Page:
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ABSTRACT: Detectable HIV-1 in body compartments can lead to transmission and antiretroviral resistance. Although sex differences in viral shedding have been demonstrated, mechanisms and magnitude are unclear. We compared RNA levels in blood, genital-secretions and saliva; and drug resistance in plasma and genital-secretions of men and women starting/changing antiretroviral therapy (ART) in the AIDS Clinical Trials Group (ACTG) 5077 study. Blood, saliva and genital-secretions (compartment fluids) were collected from HIV-infected adults (≥13 years) at 14 United-States sites, who were initiating or changing ART with plasma viral load (VL) ≥2,000 copies/mL. VL testing was performed on all compartment fluids and HIV resistance genotyping on plasma and genital-secretions. Spearman rank correlations were used to evaluate concordance and Fisher's and McNemar's exact tests to compare VL between sexes and among compartments. Samples were available for 143 subjects; 36% treated (23 men, 29 women) and 64% 'untreated' (40 men, 51 women). RNA detection was significantly more frequent in plasma (100%) than genital-secretions (57%) and saliva (64%) (P<0.001). A higher proportion of men had genital shedding versus women (78% versus 41%), and RNA detection was more frequent in saliva versus genital-secretions in women when adjusted for censoring at the limit of assay detection. Inter-compartment fluid VL concordance was low in both sexes. In 22 (13 men, 9 women) paired plasma-genital-secretion genotypes from treated subjects, most had detectable resistance in both plasma (77%) and genital-secretions (68%). Resistance discordance was observed between compartments in 14% of subjects. HIV shedding and drug resistance detection prior to initiation/change of ART in ACTG 5077 subjects differed among tissues and between sexes, making the gold standard blood-plasma compartment assessment not fully representative of HIV at other tissue sites. Mechanisms of potential sex-dependent tissue compartmentalization should be further characterized to aid in optimizing treatment and prevention of HIV transmission. ClinicalTrials.gov NCT00007488.PLoS ONE 04/2014; 9(4):e93537. · 3.53 Impact Factor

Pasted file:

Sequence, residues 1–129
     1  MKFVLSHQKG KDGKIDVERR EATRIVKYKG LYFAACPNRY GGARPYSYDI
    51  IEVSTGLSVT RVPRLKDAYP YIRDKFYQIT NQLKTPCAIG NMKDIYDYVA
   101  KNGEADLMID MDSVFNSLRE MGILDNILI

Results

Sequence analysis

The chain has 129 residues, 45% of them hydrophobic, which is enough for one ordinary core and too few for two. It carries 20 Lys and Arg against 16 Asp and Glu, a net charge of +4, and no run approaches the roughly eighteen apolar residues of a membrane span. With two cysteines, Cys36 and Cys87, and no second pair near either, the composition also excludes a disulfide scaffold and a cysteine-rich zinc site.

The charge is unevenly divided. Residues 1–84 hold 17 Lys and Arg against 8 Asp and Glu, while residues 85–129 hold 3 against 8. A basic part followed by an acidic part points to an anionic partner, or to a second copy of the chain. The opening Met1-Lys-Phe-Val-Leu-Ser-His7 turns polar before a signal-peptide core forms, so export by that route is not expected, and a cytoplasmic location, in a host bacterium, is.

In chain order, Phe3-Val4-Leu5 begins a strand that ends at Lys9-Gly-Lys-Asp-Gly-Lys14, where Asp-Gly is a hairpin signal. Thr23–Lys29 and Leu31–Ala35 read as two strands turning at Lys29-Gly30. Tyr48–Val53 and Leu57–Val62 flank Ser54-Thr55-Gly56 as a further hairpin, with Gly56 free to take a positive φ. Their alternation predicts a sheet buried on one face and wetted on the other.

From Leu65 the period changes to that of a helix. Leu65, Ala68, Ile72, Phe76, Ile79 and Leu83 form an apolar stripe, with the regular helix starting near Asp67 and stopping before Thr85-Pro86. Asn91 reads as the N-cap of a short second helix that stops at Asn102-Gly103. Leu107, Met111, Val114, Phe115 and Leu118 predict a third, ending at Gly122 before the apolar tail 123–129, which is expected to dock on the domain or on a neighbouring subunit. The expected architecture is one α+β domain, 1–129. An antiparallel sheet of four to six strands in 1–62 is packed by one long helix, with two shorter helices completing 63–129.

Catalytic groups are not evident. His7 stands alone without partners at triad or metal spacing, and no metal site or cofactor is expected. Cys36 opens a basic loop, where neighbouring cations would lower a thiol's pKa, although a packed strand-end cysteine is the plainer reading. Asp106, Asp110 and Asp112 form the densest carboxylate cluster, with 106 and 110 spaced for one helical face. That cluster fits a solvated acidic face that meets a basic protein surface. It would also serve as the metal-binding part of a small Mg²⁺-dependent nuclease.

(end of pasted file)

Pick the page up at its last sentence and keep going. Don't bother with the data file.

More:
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ABSTRACT: Although stigmatization has long been recognized as a major obstacle to HIV prevention. The lack of a valid and reliable measurement tool for stigmatization is a major gap in the research. This study aimed to: 1) develop a scale of stigmatizing attitudes towards people living with HIV (SAT-PLWHA-S) and 2) demonstrate its reliability and validity. French and English-speaking experts (n = 21) from different professional communities (academics, practitioners) assessed the clarity and relevance of the proposed items. The psychometric properties of the SAT-PLWHA-S were assessed with a random digit dial population based telephone survey (n = 1,500) of respondents in Quebec, Canada. Analyses included exploratory and confirmatory factor analyses, correlations, multiple linear regressions, t-tests, hypothesis testing of factorial structure invariance, and Cronbach's alpha. Confirmatory factor analysis (CFA) supported a 27-item structure with seven factors: 1) concerns about occasional encounters; 2) avoidance of personal contact; 3) responsibility and blame, 4) liberalism, 5) non-discrimination, 6) confidentiality of seropositive status, and 7) criminalization of HIV transmission. Cronbach's alphas indicate satisfactory internal consistency. An assessment of concurrent validity using Pearson's correlation and multiple linear regression shows that homophobia and HIV transmission knowledge are significant determinants of stigmatizing attitudes toward PLHIV. Discriminant validity (t-test) results suggest that the SAT-PLWHA-S can differentiate attitudes between different groups and indicates invariant factor structure across language. The results of this study suggest that the SAT-PLWHA-S is a reliable and valid tool for measuring stigmatizing attitudes toward PLHIV and that it can contribute to a deeper understanding of HIV stigma.BMC Public Health 12/2014; 14(1):1246. · 2.32 Impact Factor